AMES, Iowa – The research and demonstration farms operated by Iowa State University continued to be a popular place for educational events and field days in 2022.
More than 14,000 people, including school-age youth, visited the 15 farms throughout the year. Nearly 70 field days were held across the state, with topics that pertained to corn rootworm, forage management, tar spot, nitrogen management, turfgrass management, specialty crops and livestock production.
“It was good to be back to normal again,” said Tim Goode, research farms manager with Iowa State University. “We’ve had two years of in-person, normal events since COVID and that’s the way we like to operate – bringing people to the farms for in-person learning and interaction.”
One highlight for 2022 was the grand opening of the Research and Learning Center at the Southeast Research and Demonstration Farm, near Crawfordsville. More than 200 people from the university and local community attended the opening of an 80-by-60-foot facility that will be used to maintain and repair equipment and host educational events.
“It was a great day with ISU President Wendy Wintersteen and leadership from the College of Agriculture and Life Sciences, as well as ISU Extension and the association that owns the farm,” said Goode. “The new facility will serve as a gathering place for future field days and community events.”
The 2022 growing season saw a wide variety of weather challenges, with some parts of the state, and consequently some research farms, experiencing normal to above normal spring precipitation, while most of the state saw dry conditions, and even drought, by harvest.
The farms are strategically located across all regions of the state, and the research corresponds with conditions and environmental factors that farmers in those parts of the state face. Crop and livestock research are both conducted, including beef and swine research.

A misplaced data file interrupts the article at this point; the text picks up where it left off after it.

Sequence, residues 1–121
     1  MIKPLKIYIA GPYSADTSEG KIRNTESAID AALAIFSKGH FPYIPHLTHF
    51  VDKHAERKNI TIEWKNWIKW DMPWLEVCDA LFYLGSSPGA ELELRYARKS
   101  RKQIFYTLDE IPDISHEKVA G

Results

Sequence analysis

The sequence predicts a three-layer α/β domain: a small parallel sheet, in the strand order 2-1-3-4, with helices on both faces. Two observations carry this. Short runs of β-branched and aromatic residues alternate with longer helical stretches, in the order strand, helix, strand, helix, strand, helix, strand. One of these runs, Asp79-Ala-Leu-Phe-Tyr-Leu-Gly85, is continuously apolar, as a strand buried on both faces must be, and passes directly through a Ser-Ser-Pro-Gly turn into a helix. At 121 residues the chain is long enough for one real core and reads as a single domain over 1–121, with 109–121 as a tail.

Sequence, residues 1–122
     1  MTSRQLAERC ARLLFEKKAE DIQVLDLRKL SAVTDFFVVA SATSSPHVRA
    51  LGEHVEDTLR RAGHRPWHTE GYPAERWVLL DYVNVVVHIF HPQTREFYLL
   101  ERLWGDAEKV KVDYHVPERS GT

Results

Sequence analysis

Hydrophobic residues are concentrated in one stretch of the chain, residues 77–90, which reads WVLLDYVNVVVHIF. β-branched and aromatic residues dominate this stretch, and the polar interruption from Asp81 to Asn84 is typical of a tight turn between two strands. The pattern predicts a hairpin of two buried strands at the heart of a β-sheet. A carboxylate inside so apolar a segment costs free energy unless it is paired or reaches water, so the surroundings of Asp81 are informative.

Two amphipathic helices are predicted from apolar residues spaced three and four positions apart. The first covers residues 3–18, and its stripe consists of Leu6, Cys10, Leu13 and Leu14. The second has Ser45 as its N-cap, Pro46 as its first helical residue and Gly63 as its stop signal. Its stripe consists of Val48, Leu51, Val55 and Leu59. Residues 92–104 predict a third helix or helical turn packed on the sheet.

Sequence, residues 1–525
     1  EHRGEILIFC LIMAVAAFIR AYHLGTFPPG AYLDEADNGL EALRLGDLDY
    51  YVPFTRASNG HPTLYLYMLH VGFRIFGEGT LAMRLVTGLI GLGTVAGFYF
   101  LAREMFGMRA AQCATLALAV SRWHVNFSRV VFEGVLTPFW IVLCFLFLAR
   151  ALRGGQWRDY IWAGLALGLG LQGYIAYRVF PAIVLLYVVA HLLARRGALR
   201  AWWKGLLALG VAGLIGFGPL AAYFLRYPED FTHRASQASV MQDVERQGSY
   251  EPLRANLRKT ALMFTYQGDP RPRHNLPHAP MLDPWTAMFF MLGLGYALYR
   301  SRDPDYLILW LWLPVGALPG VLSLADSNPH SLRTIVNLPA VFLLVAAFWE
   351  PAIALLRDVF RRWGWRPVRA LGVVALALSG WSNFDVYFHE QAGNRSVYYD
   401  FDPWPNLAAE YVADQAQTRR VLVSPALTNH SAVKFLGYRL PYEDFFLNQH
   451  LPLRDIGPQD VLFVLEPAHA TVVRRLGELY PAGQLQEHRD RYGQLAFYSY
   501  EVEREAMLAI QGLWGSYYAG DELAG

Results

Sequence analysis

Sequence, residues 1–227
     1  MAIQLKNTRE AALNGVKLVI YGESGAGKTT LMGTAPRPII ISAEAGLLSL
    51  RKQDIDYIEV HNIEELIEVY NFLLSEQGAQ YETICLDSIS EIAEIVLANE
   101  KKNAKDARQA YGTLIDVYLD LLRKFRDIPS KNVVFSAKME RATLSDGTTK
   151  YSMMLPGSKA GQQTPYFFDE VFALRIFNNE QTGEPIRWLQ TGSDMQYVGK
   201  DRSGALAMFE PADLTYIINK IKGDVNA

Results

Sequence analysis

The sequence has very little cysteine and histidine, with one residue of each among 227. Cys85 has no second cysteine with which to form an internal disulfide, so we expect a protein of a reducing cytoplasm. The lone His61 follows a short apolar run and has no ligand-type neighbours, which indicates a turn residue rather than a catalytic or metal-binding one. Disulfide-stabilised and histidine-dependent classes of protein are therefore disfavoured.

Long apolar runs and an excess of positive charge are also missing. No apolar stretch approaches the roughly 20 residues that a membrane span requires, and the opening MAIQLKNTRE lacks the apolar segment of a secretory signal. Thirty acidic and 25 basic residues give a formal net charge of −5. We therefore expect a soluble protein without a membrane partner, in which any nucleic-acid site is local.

Goode said a unique livestock project in 2022 involved the study of passive immunity in beef cattle, conducted at the McNay Memorial Research and Demonstration Farm in south central Iowa. Through this study, researchers showed how immunity, or lack of immunity, is passed from mother cows to their calves.
Another unique project was the growing of turf for Iowa State University’s football field at Jack Trice Stadium. A collaboration among the Department of Horticulture, Iowa State Athletics Department and the Horticulture Research Station led to locally grown turf for the athletics department.
Each year, the research farms team publishes Farm and Research Reports, which summarize each project and the major findings. In 2022, a new effort was undertaken to publish the reports with the Iowa State University Extension and Outreach agriculture and natural resources communications team, which resulted in a new, modernized look. The reports are published through the ISU Extension Store, and are available electronically or in print.
Other ongoing projects at the farms include the planting of apple trees at the Horticulture Research Station to update and replace storm damaged orchards, and the installation of additional water quality plot installations at crop farms.
Goode said spring field days will resume in June and July, with fall field days typically held in August and September. Other events are held at the farms throughout the year, including association meetings, which will begin in February.
For more information, Goode can be reached at firstname.lastname@example.org.